The motion to dismiss the writ of error is without merit. The judge of the superior court treated the first pleading filed by Della Jane Turner as a separate cause of action and recited in the final judgment assigned as error in the bill of exceptions that it was consolidated with the habeas corpus case.
Where, as in the present case, there is but one common point of litigation between the parties (custody of their child), separate actions of the father and the mother are properly consolidated. Code § 3-112; White v. Interstate Building Loan Assn., 106 Ga. 146 ( 32 S.E. 26); People's Nat. Bank of Shelbyville, Tenn. v. Cleveland, 117 Ga. 908 ( 44 S.E. 20); Spinks v. LaGrange Banking Co., 160 Ga. 705, 714 ( 129 S.E. 31); Pope v. U.S. Fidelity c. Co., 193 Ga. 769 ( 20 S.E.2d 13); West View Corp. v. Thunderbolt Yacht Basin, 208 Ga. 93 ( 65 S.E.2d 167, 25 ALR2d 878); Worley v. Gaston, 210 Ga. 350 ( 80 S.E.2d 304).
The bill of exceptions recites that the consolidation was made on the motion of counsel for the father. "A party must be held bound by a ruling which he invoked . . . " Butler v. Tifton c. Ry. Co., 121 Ga. 817 (5) ( 49 S.E. 763); Poss v. Norris, 197 Ga. 513, 517 ( 29 S.E.2d 705). "One cannot complain of a judgment, order, or ruling that his own procedure or conduct procured or aided in causing." Bennett v. Bennett, 210 Ga. 721 (2) ( 82 S.E.2d 653).
The case of Stephenson v. Futch, 213 Ga. 247 ( 98 S.E.2d 374), and similar cases, where separate judgments were rendered, have no application to the facts of this case.
The contention of counsel that no judgment was rendered by the court in case No. MD 5326 (the father's habeas corpus petition) is completely refuted by the order of the court set out in our statement of facts.
2. At no time, in any manner known to the law, did the Judge of the Superior Court of Gwinnett County acquire any jurisdiction of Della Jane Turner under the original writ of habeas corpus issued on July 5, 1961. The lack of jurisdiction in the Superior Court of Gwinnett County was evident upon the face of the habeas corpus petition, and the judge of the superior court did not acquire jurisdiction of her by any subsequent proceeding.
It has been the law of this State since the passage of the Judiciary Act of February 16, 1799, that a witness shall not be arrested on any civil process while going to, returning from, or attending any court in this State. The provisions of the Judiciary Act of 1799 now appear as § 38-1506 of the official Code of this State, which provides as follows: "A witness shall not be arrested on any civil process while going to or returning from and attending on any court, and an officer who shall hold him imprisoned after seeing his subpoena or being satisfied of the fact shall be liable for a false imprisonment."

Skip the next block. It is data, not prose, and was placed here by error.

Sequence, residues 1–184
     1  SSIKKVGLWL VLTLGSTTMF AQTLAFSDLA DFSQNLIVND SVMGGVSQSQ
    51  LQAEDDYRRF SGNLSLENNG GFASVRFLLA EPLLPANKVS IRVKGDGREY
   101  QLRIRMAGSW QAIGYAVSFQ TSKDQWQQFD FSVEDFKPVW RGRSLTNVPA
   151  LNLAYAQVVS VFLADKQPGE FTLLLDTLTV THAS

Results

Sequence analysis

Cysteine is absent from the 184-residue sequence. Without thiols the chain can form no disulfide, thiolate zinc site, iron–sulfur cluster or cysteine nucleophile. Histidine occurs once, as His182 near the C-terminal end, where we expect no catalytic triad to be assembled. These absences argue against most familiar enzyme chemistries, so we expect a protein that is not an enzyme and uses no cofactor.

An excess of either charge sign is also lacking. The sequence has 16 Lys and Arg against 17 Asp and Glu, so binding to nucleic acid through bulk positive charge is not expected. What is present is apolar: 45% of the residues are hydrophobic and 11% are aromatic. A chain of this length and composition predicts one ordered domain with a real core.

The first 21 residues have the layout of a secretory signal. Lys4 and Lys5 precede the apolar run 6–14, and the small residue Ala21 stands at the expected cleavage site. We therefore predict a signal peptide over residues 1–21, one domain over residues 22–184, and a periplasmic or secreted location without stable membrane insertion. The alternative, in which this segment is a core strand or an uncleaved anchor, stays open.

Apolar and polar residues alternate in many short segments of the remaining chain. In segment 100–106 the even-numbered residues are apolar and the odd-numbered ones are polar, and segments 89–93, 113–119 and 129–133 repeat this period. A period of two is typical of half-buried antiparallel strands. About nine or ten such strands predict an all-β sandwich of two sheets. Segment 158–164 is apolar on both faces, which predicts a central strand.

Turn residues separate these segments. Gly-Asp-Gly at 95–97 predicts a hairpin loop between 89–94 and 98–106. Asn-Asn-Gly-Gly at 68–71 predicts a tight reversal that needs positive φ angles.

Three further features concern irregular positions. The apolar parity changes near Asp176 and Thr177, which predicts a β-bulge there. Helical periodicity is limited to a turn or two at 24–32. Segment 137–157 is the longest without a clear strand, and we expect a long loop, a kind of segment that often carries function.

The provisions of the above Code section have been stated and applied in many decisions of this court. In Thornton v. American Writing Machine Co., 83 Ga. 288, 290 ( 9 S.E. 679, 20 ASR 320), it was stated: "If a suitor or witness is arrested or if civil process is served upon him while thus in attendance on the court, the court, upon application made in proper time, will order his discharge from arrest, or will set aside the service of the civil process." See also Henegar v. Spangler, 29 Ga. 217, 218; King v. Phillips, 70 Ga. 409; Fidelity Casualty Co. v. Everett, 97 Ga. 787 ( 25 S.E. 734); Rogers v. Rogers, 138 Ga. 803, 804 ( 76 S.E. 48); Vaughn v. Boyd, 142 Ga. 230 ( 82 S.E. 576, LRA 1915A 694); Lomax v. Lomax, 176 Ga. 605 ( 168 S.E. 863). The right of a witness in a civil action to freedom from arrest is not a rule peculiar to this State. It is the general rule in this country. See 6 C.J.S. 642, § 29 (k); 4 Am. Jur. 68, § 101.
Della Jane Turner never conceded that the Superior Court of Gwinnett County had jurisdiction of the cause, and she did not wait until final judgment had been recorded against her to invoke the want of jurisdiction of the court. The evidence produced before the judge of the superior court clearly established the illegality of the service of the habeas corpus petition upon her, and the illegality of her arrest at that time.
We need look no further than the testimony of Daniel C. Cole, the Sheriff of Gwinnett County, in order to establish an illegal and unauthorized denial of the right of Della Jane Turner to freedom from arrest under the writ of habeas corpus. This testimony was delivered on the hearing before the judge of the superior court on August 1, 1961, and was in part as follows: "My name is Daniel C. Cole. I am Sheriff of Gwinnett County. On the 5th day of July this year, I served a paper on Mrs. Della Jane Turner McGee at approximately 12:50. The paper was a habeas corpus proceedings for her to produce the baby. I served the paper on Mrs. McGee in the hall of the Gwinnett County Courthouse. Mr. Duncan gave me the paper to serve. I asked her if she had the baby or if she would tell me where the baby was that I might pick it up and bring it before the court and she said she would tell me where the baby was at when she had her day in court, and so I brought her upstairs to be brought before Judge Pittard at that time and the judge was busy and we had to wait before we could bring her in before the judge. There was a hearing set for 1:00 o'clock before Judge Buchanan, Justice of the Peace, on a warrant taken out against Mrs. King, attorney for Mrs. McGee, and she was allowed to go in and attend that hearing before she was brought in before this court. She was a witness in that hearing. I stayed in the J. P. Courtroom the whole time she testified. My office was familiar with the fact that Mrs. King was going to be appearing on July 5th at a commitment hearing. I knew on July the 3rd that she was to appear at a commitment hearing on July the 5th. When I handed the papers to Mrs. Turner McGee on July the 5th, she was then under arrest from that time on." (Italics ours.)